New guidance to help construction get along

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New guidance to help construction get along

New guidance to help construction get along

On 7 May the Government and the Construction Leadership Council (CLC) published separate, related guidance on responsible contractual behaviours and best practice.

The note issued by the Government strongly encourages responsible and fair contract behaviour, while the CLC guidance is a more technical document pointing to specific parts of typical construction contracts which can be adjusted or observed to nip potential disputes in the bud.

Government guidance on responsible contractual behaviour (view here)

Its message is one of policy rather than law, but it makes clear that responsible and fair contract behaviour from parties engaged in contracts affected by COVID-19 is needed in order to achieve the following nationwide objectives:

  • Maintaining contractual performance required to support the response to COVID-19;
  • Ensuring that cashflow is maintained;
  • Preserving contracts the performance of which is interrupted by the restrictions brought on by COVID 19; and
  • Supporting the restart of the economy by ensuring that contract activity can be preserved until it can be continued.

It goes on to “strongly encourage” responsible and fair behaviour in making and requesting payments, giving relief for impaired performance, claiming breach of contract, reporting and record keeping, responding to extensions of time and compensation requests and progressing to formal dispute resolution.

Although the guidance does not specifically refer to a particular industry, the majority of the recommendations point directly to construction and it’s no surprise, given the necessity of getting workers safely back on site to maintain the (already-affected) health of the industry as a whole.


The guidance was swiftly followed by Government guidance on working safely in construction on May 11 (view here).

The guidance is not legally enforceable and does not override any existing contractual provisions. Despite this, contractors and employers would be well-advised to take heed, not least because of the commercial impact of failure to act responsibly and fairly in times of crisis.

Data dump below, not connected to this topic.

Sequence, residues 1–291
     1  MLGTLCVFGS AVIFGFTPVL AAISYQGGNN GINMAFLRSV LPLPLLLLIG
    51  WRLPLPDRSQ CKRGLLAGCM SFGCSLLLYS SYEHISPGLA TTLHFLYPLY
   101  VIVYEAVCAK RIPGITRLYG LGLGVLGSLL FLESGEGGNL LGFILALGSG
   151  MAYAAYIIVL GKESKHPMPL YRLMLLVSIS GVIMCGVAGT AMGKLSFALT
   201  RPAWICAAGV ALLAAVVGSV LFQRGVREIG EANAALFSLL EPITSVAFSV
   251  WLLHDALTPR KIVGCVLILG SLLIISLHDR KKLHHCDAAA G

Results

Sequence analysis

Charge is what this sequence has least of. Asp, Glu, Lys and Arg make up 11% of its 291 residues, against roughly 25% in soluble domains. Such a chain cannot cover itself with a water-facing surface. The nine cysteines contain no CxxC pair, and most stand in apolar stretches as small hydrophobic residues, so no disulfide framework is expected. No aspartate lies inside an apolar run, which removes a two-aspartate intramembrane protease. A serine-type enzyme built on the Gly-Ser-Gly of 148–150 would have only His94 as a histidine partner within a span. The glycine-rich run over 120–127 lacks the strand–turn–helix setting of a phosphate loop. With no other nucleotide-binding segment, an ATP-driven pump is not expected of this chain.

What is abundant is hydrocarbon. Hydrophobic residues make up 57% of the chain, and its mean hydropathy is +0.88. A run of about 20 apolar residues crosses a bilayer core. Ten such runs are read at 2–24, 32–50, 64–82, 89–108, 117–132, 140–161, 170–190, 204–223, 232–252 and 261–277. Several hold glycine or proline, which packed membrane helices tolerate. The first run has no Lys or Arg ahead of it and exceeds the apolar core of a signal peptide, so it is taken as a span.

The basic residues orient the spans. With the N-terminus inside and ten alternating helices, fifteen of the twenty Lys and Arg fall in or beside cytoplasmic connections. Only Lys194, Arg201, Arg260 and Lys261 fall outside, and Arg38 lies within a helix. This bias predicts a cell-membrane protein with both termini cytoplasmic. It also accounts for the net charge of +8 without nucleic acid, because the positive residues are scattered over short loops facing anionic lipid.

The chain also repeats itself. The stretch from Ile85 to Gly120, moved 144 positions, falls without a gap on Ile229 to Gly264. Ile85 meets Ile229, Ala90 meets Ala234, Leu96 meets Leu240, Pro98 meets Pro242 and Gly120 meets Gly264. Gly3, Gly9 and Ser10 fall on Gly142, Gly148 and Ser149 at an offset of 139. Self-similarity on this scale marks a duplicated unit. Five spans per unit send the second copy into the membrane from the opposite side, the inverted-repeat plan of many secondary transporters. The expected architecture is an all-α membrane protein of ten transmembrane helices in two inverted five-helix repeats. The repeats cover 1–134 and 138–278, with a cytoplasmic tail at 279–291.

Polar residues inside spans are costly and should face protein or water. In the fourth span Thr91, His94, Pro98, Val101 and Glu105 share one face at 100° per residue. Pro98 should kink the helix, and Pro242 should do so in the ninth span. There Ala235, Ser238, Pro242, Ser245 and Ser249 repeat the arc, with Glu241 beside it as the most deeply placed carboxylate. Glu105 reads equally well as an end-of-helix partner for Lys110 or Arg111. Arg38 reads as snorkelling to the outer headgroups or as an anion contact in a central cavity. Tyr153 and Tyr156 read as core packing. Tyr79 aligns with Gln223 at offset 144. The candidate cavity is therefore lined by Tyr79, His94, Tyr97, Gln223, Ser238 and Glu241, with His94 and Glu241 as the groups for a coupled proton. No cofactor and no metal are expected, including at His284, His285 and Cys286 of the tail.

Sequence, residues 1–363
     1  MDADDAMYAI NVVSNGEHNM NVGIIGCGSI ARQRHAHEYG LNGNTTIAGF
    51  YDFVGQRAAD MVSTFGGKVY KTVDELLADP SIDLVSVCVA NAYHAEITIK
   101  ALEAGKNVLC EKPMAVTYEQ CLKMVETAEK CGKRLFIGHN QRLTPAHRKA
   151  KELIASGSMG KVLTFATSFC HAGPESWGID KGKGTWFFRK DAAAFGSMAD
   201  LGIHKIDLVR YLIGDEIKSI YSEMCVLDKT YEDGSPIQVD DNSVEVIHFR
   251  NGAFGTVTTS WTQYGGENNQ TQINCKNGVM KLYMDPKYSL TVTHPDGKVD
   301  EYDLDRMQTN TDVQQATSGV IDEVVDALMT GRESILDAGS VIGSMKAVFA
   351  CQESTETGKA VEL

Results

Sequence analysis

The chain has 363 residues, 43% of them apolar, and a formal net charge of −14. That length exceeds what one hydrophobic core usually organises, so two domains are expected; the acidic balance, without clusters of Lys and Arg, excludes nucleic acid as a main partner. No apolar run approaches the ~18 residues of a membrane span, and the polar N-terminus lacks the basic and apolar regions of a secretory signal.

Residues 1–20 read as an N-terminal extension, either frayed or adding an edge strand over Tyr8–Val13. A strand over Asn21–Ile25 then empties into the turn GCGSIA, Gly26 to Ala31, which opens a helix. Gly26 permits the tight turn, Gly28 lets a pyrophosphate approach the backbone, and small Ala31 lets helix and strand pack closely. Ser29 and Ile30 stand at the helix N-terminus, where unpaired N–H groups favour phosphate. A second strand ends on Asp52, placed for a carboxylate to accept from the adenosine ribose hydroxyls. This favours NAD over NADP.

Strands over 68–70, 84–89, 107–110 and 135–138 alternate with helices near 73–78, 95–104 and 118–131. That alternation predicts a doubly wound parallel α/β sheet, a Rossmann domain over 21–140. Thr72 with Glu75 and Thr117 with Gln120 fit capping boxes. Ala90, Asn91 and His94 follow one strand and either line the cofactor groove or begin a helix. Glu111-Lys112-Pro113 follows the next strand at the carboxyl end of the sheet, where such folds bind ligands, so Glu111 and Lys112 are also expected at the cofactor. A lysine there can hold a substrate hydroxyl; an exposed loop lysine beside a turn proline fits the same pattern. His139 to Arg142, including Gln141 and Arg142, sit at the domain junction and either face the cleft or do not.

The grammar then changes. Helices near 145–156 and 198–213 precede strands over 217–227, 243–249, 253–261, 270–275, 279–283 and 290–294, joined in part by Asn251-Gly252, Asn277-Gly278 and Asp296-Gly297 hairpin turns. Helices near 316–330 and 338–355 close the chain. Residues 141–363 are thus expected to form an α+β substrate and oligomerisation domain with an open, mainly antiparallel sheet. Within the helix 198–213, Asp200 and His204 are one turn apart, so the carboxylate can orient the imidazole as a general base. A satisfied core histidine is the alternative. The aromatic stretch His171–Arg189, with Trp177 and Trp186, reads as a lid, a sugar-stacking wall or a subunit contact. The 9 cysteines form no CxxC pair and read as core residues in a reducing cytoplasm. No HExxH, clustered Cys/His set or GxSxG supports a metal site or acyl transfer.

The push towards collaboration and alliancing in recent years means that these messages are nothing new, but in practice the industry has been slow to come around to the practice of more collaborative working to achieve mutual objectives.

CLC Guidance on contractual best practice (view here)

The CLC Guidance offers some practical examples on the issues likely to arise and advice on how to resolve them constructively.

Broadly, the guidance encourages parties to enter into negotiations to decide whether to relax or waive terms in the contract to keep projects back on track, in the spirit of collaborative working. There is a helpful precis on the conduct of negotiations which may result in contract changes (such as without prejudice correspondence and collaborative meetings), and key reminder to take into account any interests of third parties (such as beneficiaries under collateral warranties).

The advice suggests changes to terms such as payment, costs, termination triggers and variations. Parties to a contract are well advised to consider the whole list to decide on the most appropriate changes to be made to meet particular practical concerns.

The guidance attaches proforma letters for the following purposes:

  • Requesting and responding to an extension of time under the JCT Design and Build Contract 2016; and
  • Requesting and responding to a compensation event under the NEC3/4 Engineering and Construction Contract.

The letters are very useful for those using contracts faithful to the standard forms, but in practice the terms governing extensions of time and compensation events in the contracts may be varied. Contractors and clients using the letters must ensure that the letters used are compliant with the terms in their own contracts.

As with the Government guidance, the note encourages parties to act according to the existing contract terms; failure to adhere to terms could spoil any collaborative efforts made by the parties by triggering a dispute in any case.

While considering the ways to collaborate to meet the difficulties particular to your project, you should ensure that you act according to the notification and reporting requirements in your existing contract throughout.


If you would like assistance with clarifying or interpreting the terms of your contract, or you need advice on which terms ought be varied to safeguard your project, please get in touch with Caroline Watkins.

All information in this update is accurate at the time of writing. It is meant for general information only and is not legal advice.